The thyroid, a butterfly-shaped gland in the front of our neck, produces the hormones T4 (thyroxine) and T3 (triiodothyronine). These hormones are regulated by the thyroid stimulating hormone, which is synthesised by the pituitary gland (situated at the base of the brain). The thyroid hormones help in the regulation of fat, protein and glucose metabolism, modulating body temperature and maintaining overall equilibrium.
The often-discussed functions of the thyroid hormones are related to body weight, energy levels, cardiac fitness, digestion and gut motility, skin and hair quality, sleep and mental wellbeing, and sexual health, fertility and pregnancy. An important aspect which is often overlooked is their role in regulating bone health.
The thyroid hormones are essential for normal skeletal development and play an important role in the maintenance of bone structure and strength. The skeletal system is one of the largest systems of our body and its important components include structural proteins like collagen, minerals like calcium-phosphorous, and cells like osteoclasts (responsible for bone dissolution) and osteoblasts (responsible for bone formation and replacement). Any disturbance in thyroid hormone levels disrupt the balance of bone dissolution and replacement.
Therefore, bone health can be adversely affected in various states of thyroid dysfunction. Dysfunction can be excess functioning of thyroid hormones―hyperthyroidism―or under functioning―hypothyroidism. Both situations can have detrimental effects on musculoskeletal fitness.
Impact of hyperthyroidism: The activity of osteoclasts increase and there is rapid bone dissolution. The bone replacement by osteoblasts cannot match-up, leading to net bone loss. Additionally, in hyperthyroid individuals, there is more calcium loss via the urine and inefficient calcium absorption via the gut, leading to negative calcium balance. These factors eventually lead to low bone density and osteoporosis, a condition associated with fragile bones. Osteoporosis itself has no obvious symptoms, unless fracture occurs.
People with untreated hyperthyroidism have 12 per cent to 20 per cent reduction in bone density and three to four times increased risk of hip and spine fractures. This is more evident in the elderly and post-menopausal women. Even treated hyperthyroidism is known to have residual negative effect on bones―increasing the risk of fractures up to two times.
Impact of hypothyroidism: Reduced activity of the osteoclasts and osteoblasts lead to low bone turnover. The decreased bone metabolism affects children more than adults. Childhood hypothyroidism causes delayed skeletal development, impaired mineralisation of bones and slowing of normal growth. Delayed eruption of teeth, hip dislocation and abnormal curvature of the spine can be other manifestations in children. Congenital hypothyroidism in India varies from one in 750 to one in 2,500 newborns, depending on the geographical location.
In adults with hypothyroidism, the overall quality of bones may become poor with time, although, there is no direct correlation between osteoporosis and low thyroid hormones. Hypothyroidism often affects muscles, causing pain, cramps, weakness and lethargy, which, in turn, can lead to increased tendency to fall and fracture. Also, people with hypothyroidism on thyroxine treatment should have regular blood tests to ensure that their hormone levels are not too high, as it can lead to treatment-induced hyperthyroidism.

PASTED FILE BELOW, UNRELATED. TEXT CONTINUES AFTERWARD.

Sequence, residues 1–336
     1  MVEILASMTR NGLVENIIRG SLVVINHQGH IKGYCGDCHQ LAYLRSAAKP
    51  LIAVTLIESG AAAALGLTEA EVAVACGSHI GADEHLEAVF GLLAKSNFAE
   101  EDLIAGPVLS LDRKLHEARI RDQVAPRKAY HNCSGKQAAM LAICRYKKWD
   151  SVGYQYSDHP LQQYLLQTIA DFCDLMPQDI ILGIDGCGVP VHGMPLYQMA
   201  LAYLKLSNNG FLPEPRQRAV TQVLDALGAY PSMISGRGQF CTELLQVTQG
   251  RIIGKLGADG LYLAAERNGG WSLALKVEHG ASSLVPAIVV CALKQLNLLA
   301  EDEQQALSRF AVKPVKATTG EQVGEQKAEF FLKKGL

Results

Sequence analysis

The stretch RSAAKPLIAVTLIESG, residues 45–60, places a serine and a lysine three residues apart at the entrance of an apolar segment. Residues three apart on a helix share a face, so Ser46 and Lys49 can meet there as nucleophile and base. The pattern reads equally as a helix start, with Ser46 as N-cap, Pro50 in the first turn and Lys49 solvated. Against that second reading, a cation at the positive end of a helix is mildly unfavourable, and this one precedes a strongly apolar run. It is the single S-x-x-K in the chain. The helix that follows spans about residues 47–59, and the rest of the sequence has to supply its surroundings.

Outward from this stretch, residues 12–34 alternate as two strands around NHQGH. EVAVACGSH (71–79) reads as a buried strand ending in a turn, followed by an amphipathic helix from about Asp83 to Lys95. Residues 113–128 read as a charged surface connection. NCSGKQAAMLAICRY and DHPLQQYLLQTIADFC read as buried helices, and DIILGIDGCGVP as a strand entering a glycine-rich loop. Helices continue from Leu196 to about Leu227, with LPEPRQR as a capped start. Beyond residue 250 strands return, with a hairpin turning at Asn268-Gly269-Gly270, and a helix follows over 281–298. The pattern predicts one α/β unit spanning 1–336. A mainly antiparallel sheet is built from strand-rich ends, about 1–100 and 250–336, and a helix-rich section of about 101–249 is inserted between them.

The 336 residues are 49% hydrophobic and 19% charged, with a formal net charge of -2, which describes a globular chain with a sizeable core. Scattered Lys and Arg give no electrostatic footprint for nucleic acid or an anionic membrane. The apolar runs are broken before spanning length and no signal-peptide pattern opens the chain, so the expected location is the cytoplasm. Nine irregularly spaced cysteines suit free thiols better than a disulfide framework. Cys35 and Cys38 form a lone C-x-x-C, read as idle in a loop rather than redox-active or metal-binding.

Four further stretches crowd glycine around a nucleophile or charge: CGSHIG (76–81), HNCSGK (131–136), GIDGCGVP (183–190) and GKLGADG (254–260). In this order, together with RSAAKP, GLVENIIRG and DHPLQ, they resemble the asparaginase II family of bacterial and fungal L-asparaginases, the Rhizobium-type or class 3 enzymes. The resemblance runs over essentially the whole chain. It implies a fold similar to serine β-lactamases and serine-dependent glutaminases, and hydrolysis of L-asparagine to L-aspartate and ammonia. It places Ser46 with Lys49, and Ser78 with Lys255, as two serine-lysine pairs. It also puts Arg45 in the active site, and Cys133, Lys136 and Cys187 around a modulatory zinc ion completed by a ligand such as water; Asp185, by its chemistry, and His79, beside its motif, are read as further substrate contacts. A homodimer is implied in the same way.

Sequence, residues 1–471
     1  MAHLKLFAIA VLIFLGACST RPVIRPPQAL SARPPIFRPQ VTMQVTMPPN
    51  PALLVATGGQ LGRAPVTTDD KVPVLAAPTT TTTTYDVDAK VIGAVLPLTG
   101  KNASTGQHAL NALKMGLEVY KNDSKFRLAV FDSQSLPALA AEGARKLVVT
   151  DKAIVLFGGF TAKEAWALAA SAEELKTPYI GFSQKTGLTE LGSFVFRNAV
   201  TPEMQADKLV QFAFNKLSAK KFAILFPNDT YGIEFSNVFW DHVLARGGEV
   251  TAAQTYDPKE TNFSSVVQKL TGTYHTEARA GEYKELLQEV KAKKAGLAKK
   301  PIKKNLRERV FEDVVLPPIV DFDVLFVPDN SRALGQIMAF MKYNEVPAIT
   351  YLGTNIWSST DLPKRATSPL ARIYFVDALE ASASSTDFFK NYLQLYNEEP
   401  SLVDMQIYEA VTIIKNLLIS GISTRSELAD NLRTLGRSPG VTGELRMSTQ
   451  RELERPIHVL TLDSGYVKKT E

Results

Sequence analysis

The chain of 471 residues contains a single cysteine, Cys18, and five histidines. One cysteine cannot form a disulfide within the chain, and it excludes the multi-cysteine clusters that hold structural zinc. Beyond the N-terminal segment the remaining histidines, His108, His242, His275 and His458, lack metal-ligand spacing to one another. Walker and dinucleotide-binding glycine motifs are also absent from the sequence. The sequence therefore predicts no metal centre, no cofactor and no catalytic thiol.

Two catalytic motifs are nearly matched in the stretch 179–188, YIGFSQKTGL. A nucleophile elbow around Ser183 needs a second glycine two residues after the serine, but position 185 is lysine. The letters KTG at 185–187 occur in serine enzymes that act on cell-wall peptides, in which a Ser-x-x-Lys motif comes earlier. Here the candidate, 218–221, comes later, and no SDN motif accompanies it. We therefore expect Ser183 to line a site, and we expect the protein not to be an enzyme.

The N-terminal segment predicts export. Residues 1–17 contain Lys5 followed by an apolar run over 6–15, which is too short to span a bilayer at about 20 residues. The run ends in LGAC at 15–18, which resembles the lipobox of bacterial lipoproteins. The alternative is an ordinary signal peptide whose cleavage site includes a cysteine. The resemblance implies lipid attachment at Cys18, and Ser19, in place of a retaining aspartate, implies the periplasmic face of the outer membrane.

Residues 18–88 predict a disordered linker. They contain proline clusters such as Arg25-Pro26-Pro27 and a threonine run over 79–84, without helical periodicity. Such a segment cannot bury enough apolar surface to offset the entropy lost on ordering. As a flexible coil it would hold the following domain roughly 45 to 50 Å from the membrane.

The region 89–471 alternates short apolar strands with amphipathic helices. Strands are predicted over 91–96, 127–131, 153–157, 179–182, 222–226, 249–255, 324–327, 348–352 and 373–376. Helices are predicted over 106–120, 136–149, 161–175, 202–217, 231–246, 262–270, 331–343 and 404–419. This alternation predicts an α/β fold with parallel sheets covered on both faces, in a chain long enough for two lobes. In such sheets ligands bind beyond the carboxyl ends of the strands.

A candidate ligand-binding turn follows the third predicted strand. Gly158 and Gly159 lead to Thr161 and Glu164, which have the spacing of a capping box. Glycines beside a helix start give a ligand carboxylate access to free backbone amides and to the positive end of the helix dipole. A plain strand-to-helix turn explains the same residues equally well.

Bone care in patients with thyroid dysfunction: Early identification and proper treatment of thyroid dysfunction is important as the bone involvement can be asymptomatic in the initial stages.
People with typical symptoms-cluster, like unexplained weight loss, tremors, palpitations, heat intolerance, anxiety, nervousness and protruding eyes, should get evaluated for hyperthyroidism.
Those with weight gain, fatigue, lethargy, constipation, dry and brittle nails, hair fall, cold hands and feet, puffiness of the feet and infertility, should get assessed for hypothyroidism.
Those with goitre (a swelling at the front of the neck caused by an enlarged thyroid gland) or a strong family history of thyroid disorders should consult an endocrinologist or a physician for further evaluation.
Patients on treatment for thyroid disorders should comply with the medicines, and be regular with their tests and medical follow-ups. In hyperthyroid patients, apart from the prescribed treatment, general measures for fall-prevention should be followed. Regular physical activity, balance exercises and yoga, properly fitting and sturdy footwear, proper lighting of living spaces, especially bathrooms and hallways and use of assistive devices like handrails can go a long way to prevent falls.
High impact exercises like jogging and power-walking help strengthen bones and muscles.
Eating a well-balanced diet of calcium and protein rich food, maintaining normal vitamin D levels, and avoiding smoking and alcohol help keep the bones healthy. Supplements are recommended for populations where diet does not provide adequate calcium.
Adequate vitamin D production occurs from frequent, mid-day sun exposure―10 to 30 minutes for three to five days a week. However, repeated, long-duration exposure can cause sunburns, eye problems and heat strokes. It is thus easier to consume vitamin D supplements as per your doctor’s advice. Some patients with osteoporosis, especially elderly women, may also need specific anti-osteoporosis therapy.
Screening for thyroid dysfunction in each new-born should be done, so that thyroid insufficiency is identified at the earliest. Consult paediatricians regarding children with delayed growth, inappropriate weight gain, deteriorating scholastic performance, slower reaction time and sluggishness, irritability and constipation.
Maldar is consultant endocrinologist, P. D. Hinduja Hospital and Medical Research Centre, Mahim.